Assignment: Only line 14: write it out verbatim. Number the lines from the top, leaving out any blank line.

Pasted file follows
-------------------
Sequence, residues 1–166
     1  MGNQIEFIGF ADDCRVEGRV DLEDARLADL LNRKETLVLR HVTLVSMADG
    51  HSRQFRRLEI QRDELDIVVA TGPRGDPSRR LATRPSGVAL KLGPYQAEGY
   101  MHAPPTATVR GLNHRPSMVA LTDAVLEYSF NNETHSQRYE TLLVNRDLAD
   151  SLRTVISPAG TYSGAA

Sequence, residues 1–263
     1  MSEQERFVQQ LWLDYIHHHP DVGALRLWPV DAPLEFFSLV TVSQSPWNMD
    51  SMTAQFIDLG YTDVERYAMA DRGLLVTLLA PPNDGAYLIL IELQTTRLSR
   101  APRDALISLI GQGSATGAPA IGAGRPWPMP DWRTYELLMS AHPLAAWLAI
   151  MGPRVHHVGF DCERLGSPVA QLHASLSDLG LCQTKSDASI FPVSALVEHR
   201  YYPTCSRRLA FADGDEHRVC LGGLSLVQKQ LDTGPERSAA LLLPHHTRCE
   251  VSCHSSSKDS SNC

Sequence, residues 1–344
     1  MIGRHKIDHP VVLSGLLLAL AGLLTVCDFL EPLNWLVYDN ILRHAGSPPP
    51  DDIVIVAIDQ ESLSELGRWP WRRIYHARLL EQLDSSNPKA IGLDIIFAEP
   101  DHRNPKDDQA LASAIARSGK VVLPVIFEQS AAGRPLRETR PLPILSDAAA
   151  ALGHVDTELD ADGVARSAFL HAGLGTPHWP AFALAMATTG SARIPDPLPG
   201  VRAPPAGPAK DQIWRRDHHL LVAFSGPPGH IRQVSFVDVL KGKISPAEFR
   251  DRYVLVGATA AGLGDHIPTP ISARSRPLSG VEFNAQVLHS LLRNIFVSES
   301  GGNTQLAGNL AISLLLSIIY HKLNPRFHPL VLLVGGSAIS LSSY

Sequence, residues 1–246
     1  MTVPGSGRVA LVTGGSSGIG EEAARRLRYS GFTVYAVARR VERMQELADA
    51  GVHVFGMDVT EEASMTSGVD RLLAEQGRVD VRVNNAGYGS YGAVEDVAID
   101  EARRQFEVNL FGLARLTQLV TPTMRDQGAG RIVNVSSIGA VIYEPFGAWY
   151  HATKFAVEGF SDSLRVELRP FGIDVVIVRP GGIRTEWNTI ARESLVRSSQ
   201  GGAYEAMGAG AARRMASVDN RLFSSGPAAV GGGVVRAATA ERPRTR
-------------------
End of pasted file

     1  MIGRHKIDHP VVLSGLLLAL AGLLTVCDFL EPLNWLVYDN ILRHAGSPPP